“The Purgatory of Car Engines”
Automobiles, Engines, Road & Track
My 1959 Triumph TR3A was blue, but did not have a white convertible top tonneau cover or whitewall tires.
Jack Baruth rants, in Road & Track, against the straight-4-cylinder engine.
As a design, the inline-four is both banal and inadequate. The intake hangs off one side and the exhaust off the other, so when you open the hood it looks unbalanced and cheap. â€‹Enlarged to modern two-liter-plus proportions, this lack of balance makes it want to shake itself to death. At idle it rattles; at full revs it moans. Instead of the dual-megaphone mufflers associated with powerful V8s, the most efficient four-cylinder exhaust is a massive coffee can hanging off one side of the bumper. With the possible exception of the famous Offenhauser, there has never been a coffee table made from a straight-four block. …
Yet the unloved inline-four plows on. It’s cheap to make, cheap to modify. It fits in everything from a small motorcycle to a 5-Series BMW. It can be turbocharged to serve as a poor replacement for a more colorful six. This strategy, employed by the high-end German manufacturers and the Koreans alike, makes it easier to pass CO2-related regulations. So what if the resulting concoction sounds like a paint shaker? You muffle it to death and then play a fake engine sound through the stereo. Nobody knows the difference.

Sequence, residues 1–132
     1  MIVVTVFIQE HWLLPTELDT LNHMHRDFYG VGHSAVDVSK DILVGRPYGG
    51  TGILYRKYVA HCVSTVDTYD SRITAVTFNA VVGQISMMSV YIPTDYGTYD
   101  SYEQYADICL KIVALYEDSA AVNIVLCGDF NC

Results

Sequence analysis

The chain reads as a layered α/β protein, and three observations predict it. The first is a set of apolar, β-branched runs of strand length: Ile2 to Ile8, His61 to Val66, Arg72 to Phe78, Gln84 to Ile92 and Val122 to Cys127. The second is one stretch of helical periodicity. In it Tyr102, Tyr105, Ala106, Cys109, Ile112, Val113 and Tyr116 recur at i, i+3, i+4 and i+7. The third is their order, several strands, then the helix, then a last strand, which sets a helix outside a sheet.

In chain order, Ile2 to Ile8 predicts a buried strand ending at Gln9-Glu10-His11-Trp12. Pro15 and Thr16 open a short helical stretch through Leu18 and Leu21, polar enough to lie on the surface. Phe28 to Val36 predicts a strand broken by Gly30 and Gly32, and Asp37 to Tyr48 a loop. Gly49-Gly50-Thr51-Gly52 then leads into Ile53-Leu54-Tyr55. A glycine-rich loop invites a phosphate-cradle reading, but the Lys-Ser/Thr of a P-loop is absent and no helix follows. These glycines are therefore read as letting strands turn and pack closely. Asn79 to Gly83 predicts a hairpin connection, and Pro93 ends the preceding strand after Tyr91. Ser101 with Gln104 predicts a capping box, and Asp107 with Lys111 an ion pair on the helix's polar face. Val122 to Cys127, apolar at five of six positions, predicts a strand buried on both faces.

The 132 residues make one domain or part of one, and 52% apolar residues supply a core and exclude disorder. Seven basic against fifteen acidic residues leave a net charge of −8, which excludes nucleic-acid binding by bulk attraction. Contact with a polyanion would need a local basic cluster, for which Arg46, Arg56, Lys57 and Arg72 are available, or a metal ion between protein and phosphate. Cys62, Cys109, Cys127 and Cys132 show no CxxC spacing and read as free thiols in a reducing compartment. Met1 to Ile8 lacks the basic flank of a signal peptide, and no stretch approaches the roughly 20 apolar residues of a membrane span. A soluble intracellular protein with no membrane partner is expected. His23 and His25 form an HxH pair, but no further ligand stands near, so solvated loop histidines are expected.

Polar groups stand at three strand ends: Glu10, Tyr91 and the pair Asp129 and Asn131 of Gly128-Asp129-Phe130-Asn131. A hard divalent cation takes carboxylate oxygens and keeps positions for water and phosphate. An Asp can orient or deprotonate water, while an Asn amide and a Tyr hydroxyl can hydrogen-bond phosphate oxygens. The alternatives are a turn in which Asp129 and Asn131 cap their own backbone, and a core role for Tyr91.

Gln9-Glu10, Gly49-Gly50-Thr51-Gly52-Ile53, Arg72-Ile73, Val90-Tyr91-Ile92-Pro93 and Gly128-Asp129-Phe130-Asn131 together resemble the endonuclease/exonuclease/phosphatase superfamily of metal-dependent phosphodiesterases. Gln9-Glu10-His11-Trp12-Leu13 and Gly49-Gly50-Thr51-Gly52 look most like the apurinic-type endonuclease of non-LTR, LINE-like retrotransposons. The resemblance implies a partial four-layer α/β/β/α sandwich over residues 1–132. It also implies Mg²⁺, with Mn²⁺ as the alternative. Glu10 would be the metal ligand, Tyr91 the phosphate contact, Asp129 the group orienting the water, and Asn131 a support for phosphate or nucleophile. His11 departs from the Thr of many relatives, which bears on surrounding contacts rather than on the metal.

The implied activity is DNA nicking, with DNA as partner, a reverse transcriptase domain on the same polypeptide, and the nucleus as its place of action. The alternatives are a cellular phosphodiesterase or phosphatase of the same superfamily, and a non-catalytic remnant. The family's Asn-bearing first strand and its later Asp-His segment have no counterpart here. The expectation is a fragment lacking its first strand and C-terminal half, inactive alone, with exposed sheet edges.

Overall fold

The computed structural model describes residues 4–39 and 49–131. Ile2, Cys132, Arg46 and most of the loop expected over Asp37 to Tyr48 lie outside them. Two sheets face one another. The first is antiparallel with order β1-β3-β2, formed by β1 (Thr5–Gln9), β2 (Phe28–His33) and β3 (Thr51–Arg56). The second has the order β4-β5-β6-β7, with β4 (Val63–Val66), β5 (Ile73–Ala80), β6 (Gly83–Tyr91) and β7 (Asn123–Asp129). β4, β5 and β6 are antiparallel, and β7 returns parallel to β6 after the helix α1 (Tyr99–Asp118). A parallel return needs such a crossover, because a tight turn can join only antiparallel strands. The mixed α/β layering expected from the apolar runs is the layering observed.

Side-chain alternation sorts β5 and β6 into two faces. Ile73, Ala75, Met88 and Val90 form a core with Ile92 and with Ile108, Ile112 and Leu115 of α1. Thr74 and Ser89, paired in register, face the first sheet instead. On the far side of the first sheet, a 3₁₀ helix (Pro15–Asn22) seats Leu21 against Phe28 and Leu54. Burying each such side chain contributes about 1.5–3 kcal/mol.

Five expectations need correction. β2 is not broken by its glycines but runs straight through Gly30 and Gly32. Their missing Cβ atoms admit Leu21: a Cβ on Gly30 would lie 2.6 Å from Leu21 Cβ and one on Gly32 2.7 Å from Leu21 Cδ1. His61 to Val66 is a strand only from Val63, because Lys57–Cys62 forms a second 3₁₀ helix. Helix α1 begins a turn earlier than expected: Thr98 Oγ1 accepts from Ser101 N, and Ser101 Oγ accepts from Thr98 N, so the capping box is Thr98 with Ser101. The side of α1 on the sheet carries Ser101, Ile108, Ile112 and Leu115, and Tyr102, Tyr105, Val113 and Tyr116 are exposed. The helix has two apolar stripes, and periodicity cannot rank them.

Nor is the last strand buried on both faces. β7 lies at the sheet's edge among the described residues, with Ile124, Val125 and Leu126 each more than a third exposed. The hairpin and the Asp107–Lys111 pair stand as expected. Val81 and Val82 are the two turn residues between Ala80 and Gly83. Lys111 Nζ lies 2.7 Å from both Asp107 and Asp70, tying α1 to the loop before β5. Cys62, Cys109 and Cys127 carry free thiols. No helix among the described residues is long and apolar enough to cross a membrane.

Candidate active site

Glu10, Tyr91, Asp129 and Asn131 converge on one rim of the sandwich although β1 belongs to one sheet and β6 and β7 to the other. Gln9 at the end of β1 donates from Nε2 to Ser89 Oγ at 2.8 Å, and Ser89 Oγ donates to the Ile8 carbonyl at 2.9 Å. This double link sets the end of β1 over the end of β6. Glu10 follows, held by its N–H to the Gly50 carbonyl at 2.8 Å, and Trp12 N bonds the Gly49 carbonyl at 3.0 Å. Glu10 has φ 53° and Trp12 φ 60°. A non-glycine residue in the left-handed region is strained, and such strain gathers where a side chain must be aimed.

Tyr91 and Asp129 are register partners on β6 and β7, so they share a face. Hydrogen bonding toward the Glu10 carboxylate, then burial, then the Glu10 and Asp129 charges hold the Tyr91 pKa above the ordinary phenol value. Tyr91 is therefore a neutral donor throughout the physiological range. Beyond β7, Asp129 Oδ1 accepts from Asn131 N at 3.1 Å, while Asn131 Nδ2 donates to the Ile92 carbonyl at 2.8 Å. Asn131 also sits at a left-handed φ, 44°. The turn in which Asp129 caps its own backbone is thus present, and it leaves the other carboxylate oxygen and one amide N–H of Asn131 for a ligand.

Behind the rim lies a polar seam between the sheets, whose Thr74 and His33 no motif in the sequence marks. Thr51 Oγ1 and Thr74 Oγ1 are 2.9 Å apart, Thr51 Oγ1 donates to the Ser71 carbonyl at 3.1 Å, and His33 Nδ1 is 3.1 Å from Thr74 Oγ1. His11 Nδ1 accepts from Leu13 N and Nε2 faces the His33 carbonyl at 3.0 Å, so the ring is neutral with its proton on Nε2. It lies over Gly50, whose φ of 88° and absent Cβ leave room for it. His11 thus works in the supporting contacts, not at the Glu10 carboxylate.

Read the whole thing.
Sure, a 12-cylinder Ferrari or an E-type Jaguar with a straight-6 would be nice, but face reality, we all have to start somewhere, and less expensive cars, and even some very cool once-less-expensive sports cars which are highly enjoyable to drive are straight 4s. I, for instance, used to own the examples illustrated top and bottom, and they were definitely fun to drive.
Hat tip to Glenn Reynolds.